According to sources who testified before the Truth Commission and representatives of the Dutch Embassy, the journalists received warnings after the interrogation that they should leave the country for a time, due to imminent danger. The journalists continued their coverage and were murdered on Mar. 17, 1982, in Santa Marta, a tiny town in Chalatenango, two kilometers from the El Paraíso Infantry Barracks.
The day before they were murdered in what the plaintiffs have called an “ambush,” a death squad calling itself Maximiliano Hernández Martínez had published a list of death threats against 35 journalists. None of the four Dutch journalists was included in it. At least 40 died during the 12-year civil war.
“This happened forty years ago, but our family’s pain has not subsided. I still miss my brother,” Sonja Ter Laag, sister of Hans Ter Laag, told El Faro over the phone from Holland.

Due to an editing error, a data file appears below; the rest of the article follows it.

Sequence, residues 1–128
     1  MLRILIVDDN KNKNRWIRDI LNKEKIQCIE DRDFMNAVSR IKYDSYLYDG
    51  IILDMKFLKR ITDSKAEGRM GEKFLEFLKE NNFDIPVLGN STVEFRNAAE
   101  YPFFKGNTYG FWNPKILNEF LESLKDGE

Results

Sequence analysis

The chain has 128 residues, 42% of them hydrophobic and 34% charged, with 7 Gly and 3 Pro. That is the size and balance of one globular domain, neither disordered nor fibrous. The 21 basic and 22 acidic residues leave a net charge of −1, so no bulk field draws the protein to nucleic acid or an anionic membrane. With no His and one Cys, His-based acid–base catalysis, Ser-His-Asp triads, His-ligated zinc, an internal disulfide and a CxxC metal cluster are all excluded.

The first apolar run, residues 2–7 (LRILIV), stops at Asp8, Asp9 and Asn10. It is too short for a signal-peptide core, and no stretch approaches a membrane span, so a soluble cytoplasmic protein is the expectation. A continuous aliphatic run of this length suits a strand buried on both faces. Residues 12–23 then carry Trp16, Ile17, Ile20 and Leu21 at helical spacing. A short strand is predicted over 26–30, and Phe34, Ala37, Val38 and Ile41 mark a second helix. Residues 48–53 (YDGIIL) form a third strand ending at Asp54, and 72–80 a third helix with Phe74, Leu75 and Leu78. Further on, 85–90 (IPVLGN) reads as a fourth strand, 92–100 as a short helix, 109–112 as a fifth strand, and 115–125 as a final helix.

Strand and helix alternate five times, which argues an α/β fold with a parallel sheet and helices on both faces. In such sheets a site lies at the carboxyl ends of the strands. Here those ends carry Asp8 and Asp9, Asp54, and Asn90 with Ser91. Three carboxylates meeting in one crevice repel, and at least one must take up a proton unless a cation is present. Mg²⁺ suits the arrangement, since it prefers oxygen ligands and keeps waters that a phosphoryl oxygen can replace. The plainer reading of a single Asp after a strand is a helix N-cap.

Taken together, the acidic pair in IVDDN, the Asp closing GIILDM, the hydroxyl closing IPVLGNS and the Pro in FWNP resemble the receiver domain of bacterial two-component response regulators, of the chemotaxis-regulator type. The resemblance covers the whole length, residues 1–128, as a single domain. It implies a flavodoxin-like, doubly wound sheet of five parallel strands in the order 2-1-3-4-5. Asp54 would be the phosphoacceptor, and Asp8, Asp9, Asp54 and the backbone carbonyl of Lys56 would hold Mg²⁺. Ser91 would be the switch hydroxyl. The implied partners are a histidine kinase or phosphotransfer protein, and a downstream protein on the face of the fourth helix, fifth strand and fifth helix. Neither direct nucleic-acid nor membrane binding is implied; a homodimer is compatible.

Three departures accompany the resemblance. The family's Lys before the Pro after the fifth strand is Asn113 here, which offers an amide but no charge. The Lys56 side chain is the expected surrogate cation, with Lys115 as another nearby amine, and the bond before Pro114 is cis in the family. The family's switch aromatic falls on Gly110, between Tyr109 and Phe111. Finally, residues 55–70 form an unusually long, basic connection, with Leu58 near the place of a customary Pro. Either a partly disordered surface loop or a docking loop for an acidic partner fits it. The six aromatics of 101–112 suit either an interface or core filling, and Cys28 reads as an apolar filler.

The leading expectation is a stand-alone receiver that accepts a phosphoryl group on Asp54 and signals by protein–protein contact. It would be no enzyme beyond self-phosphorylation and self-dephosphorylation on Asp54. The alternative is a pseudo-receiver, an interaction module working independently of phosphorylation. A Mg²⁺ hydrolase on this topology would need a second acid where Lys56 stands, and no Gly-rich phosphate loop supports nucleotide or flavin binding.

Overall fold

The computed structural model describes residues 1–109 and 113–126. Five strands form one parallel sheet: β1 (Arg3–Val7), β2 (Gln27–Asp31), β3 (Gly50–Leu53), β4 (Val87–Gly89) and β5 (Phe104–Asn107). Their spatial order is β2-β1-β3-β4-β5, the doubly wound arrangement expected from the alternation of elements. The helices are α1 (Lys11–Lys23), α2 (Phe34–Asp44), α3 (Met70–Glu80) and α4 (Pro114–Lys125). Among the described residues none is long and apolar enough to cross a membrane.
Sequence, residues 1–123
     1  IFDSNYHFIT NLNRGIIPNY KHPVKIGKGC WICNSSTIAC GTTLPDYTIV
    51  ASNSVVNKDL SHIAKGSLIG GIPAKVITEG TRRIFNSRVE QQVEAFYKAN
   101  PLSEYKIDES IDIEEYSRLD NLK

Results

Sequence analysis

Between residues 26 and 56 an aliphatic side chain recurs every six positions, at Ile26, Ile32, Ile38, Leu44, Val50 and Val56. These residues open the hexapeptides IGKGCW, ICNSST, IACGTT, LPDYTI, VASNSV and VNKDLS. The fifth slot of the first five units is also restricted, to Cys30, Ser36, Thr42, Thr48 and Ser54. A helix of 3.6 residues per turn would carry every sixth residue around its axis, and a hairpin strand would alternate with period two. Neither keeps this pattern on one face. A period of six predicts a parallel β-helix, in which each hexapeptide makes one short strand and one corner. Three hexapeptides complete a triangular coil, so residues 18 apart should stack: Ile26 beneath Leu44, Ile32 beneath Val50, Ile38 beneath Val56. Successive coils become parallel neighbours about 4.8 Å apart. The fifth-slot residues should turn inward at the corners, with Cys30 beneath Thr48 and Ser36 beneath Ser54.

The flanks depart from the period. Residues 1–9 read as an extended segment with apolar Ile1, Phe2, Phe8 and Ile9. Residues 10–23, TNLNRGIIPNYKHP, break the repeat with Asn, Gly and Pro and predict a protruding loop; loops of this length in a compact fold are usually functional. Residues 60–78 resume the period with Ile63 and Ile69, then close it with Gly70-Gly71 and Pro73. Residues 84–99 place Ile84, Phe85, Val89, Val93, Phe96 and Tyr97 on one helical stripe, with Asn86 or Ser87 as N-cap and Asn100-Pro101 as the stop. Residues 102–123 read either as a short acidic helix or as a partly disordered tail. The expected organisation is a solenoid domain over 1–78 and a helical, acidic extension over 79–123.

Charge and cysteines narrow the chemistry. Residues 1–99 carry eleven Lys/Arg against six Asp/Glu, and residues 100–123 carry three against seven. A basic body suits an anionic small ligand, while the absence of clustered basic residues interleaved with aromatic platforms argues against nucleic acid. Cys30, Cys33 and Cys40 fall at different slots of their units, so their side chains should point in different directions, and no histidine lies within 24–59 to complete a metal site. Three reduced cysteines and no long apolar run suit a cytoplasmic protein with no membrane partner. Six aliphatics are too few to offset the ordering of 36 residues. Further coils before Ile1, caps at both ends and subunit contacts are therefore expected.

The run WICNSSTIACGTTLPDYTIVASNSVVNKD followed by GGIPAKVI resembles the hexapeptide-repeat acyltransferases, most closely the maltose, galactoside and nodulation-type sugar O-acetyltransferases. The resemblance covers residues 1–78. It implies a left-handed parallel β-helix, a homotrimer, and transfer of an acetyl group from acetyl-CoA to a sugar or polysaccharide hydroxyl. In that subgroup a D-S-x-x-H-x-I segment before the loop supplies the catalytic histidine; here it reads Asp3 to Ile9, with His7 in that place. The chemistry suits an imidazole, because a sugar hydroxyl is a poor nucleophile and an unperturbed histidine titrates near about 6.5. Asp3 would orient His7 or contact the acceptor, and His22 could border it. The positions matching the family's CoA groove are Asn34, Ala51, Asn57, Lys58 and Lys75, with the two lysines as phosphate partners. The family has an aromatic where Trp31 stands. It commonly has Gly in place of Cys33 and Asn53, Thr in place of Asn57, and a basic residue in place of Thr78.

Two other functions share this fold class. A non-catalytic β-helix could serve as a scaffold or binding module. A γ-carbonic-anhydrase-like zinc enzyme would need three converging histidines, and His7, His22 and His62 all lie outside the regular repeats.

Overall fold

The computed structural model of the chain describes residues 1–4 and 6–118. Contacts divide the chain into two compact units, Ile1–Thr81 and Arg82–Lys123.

In March, to commemorate the 40th anniversary of the murder, she traveled for the first time to El Salvador. “I declared as an aggrieved party before Judge Argüello. I told her that when I saw the picture of my brother dead it marked me forever. The judge was also stricken when she saw it. She immediately asked me for all the pictures I have, and I sent them to her. I am very happy, but surprised to see the arrests. I did not think this would happen.”
During her visit, Ter Laag asked to be taken to the place where her brother was murdered with his three colleagues. “Lots of soldiers and police officers came with us. I asked what they were doing there and they told me that the Embassy had requested that they come for our protection. I asked myself how we could be protected by the same people who killed my brother.”